County workers begin strike, services continue

The union representing nearly one-half of Santa Clara County’s 22,000 employees went on strike at selected locations Oct.2, the first county employee strike in four decades.

Service Employees International Union Local 521 said it called the strike because of the county’s “refusal to bargain in good faith over the reorganization of work in the Department of Family and Children’s Services.”

The county said the union has walked away from negotiations over a new five-year employment contract, with the union saying the county should offer more than 3-percent raises per year for five years.

A union bulletin listed the Public Defender’s Office, fleets, roads and airports and San Jose Family Resource Center as taking part in the first day’s action, involving about 700 workers. The SEIU said it would rotate picketing teams among county offices, including offices in Gilroy, San Martin and Morgan Hill until it gets the contract dispute is settled.

County Executive Jeffrey Smith said the contract placed on the table at the last bargaining session with SEIU Local 521 Sept. 27 was the most the county could afford. He said the county would continue to honor provisions of the previous contract, which expired June 16.

South County sites with SEIU members include county government offices in Morgan Hill and San Martin, a behavioral health center in Gilroy and the DePaul Health Center in Morgan Hill and St. Louise Regional Hospital in Gilroy.

County officials said it was continuing to provide health, social and other services despite the pickets and walkouts. The county reported spotting 150 picketers at 12 county facilities.

It was unclear at the end of the first day how long the work stoppage would continue. County facilities “remained open with minimal impact to services,” the county reported.

“The work stoppage has not interrupted the county’s ability to provide services to the community, and we’ll continue working to keep it that way,” said Smith at a mid-morning press conference. “We encourage residents to visit the County’s website for the most accurate information and updates on our operations.”

According to Smith, the union’s proposal involves a three-year wage increase, with a 6 percent raise the first year followed by 5 percent hikes the next two consecutive years. They also proposed wage increases even higher for some job classifications. “It’s more than double compared to our offer,” Smith said.

SEIU has accused the county of reorganizing the Department of Family and Children’s Services without first consulting employees who would be affected by the change.

“This is an unfair labor practice strike based on Department of Family and Children’s Services director conducting a reorganization of the agency without employee input,” Valerie Pickering, a social worker supervisor at the department said.

In expectation of an SEIU work stoppage, the county had developed contingency plans to ensure essential services would continue. It reported that five departments were “minimally” affected by the work stoppage, including the Department of Child Support Services, Facilities and Fleet Department, Roads and Airports Department, Social Services Agency Family Resource Center, and the Public Defender’s Office.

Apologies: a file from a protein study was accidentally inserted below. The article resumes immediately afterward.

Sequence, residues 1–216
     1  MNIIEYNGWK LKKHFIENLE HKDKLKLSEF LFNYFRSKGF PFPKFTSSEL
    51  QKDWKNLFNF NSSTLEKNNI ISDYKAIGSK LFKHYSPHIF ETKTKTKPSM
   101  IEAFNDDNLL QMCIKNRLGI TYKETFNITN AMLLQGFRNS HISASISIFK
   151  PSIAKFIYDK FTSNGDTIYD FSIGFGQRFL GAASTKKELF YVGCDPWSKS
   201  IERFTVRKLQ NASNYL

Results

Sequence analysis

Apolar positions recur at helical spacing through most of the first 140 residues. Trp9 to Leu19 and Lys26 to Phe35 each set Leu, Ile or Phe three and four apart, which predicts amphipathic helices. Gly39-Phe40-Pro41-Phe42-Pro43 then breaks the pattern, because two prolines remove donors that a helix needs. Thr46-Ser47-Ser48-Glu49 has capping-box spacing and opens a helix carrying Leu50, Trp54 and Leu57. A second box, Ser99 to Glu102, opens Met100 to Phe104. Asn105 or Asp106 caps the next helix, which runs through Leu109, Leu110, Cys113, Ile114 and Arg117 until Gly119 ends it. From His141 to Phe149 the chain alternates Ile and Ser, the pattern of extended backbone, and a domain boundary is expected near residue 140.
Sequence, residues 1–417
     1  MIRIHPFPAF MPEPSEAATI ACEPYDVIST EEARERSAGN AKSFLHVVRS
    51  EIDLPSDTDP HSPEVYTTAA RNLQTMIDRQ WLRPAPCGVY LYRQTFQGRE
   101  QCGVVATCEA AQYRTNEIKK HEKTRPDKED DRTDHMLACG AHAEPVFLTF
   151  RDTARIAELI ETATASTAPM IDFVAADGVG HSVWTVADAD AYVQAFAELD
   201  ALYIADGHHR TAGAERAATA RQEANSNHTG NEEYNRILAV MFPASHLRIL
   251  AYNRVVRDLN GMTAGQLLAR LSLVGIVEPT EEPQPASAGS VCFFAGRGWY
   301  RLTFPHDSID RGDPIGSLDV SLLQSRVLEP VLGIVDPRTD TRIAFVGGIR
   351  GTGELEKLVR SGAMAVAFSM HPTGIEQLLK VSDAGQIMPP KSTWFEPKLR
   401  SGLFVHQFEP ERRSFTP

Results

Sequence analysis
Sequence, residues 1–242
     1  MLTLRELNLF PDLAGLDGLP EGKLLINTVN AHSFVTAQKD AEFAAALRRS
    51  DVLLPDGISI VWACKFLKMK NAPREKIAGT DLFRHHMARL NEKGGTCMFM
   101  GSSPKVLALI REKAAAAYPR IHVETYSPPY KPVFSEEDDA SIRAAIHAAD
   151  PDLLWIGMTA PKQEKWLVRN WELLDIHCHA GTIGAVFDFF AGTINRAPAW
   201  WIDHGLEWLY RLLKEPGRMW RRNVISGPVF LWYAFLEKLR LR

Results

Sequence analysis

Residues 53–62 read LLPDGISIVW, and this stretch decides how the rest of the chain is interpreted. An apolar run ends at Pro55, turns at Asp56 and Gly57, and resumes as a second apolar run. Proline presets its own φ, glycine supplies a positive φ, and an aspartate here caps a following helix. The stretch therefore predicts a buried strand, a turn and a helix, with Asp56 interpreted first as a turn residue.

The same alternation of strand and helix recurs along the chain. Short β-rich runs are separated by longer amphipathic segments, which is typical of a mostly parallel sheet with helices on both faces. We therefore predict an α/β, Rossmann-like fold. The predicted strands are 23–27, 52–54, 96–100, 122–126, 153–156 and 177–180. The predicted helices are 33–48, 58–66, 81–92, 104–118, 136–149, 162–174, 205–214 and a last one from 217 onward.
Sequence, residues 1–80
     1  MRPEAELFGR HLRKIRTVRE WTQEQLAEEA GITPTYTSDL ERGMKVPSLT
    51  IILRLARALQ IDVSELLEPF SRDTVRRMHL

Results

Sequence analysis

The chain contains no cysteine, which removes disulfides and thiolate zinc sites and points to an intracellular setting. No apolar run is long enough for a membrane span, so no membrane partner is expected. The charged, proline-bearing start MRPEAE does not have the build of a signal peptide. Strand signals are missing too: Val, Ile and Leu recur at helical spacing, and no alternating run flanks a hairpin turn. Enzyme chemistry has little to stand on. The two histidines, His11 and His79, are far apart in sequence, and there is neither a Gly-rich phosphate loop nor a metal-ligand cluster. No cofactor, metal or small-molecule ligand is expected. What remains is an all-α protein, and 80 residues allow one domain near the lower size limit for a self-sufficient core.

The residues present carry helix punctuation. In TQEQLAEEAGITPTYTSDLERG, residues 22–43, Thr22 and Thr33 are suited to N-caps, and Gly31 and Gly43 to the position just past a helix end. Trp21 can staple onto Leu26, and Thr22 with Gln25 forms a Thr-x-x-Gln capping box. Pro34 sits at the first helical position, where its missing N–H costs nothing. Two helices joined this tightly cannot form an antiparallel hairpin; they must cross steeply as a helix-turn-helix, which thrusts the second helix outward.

The Family Resource Center remained open on the first day of the strike.

The County and SEIU have been in labor negotiations for the past five months. Although the SEIU Local 521 contract expired June 16, the county said it has continued to bargain in good faith with SEIU, and said it is observing all contract terms and conditions. 

“The county would like to continue bargaining in good faith, however, SEIU’s latest proposals are unsustainable in light of projected revenues and a slowing economy,” Smith said in a statement Oct. 2.

“There has been a difference of opinion between the county and SEIU about the projection of revenue in the future. The county is very concerned about an economic downturn, and slowing revenue growth,” Smith said. “The county is not only worried about a fair wage and an equitable contract, but also making sure the contract and associated salaries are sustainable in the future. The union has focused on recent revenue trends that were stronger, but future revenues are not expected to be nearly as strong.”  

The county said it has already offered SEIU “significant” increases in salary and benefits, including a 3 percent general wage increase each year for the next five years.

The incremental budgeted cost for general wage increases for SEIU for salary and benefits over five years would be at least $570 million.

Additionally, the incremental budgeted cost for non-general wage increases would cost at least another $55 million over that period. Combined, the county said its latest proposal to SEIU would be at least $625 million over five years.

?If that proposal were extended to all of the county’s unions, the total incremental salary and benefits budgeted cost over five years would exceed $1.5 billion.” Smith said. 

The county maintains a website dedicated to labor relations updates, including an update on the most recent negotiations with SEIU on September 27, 2019.

The County will continue providing service updates at www.sccgov.org/strikeupdate during any future SEIU work stoppages.

Nicholas Chan of San Jose Inside and Jaqueline McCool contributed to this report.

1 COMMENT

  1. Santa Clara County spending has skyrocketed and the number of employees exploded over the past decade. Cut staff by 20% and give the remaining, better performers a moderate raise

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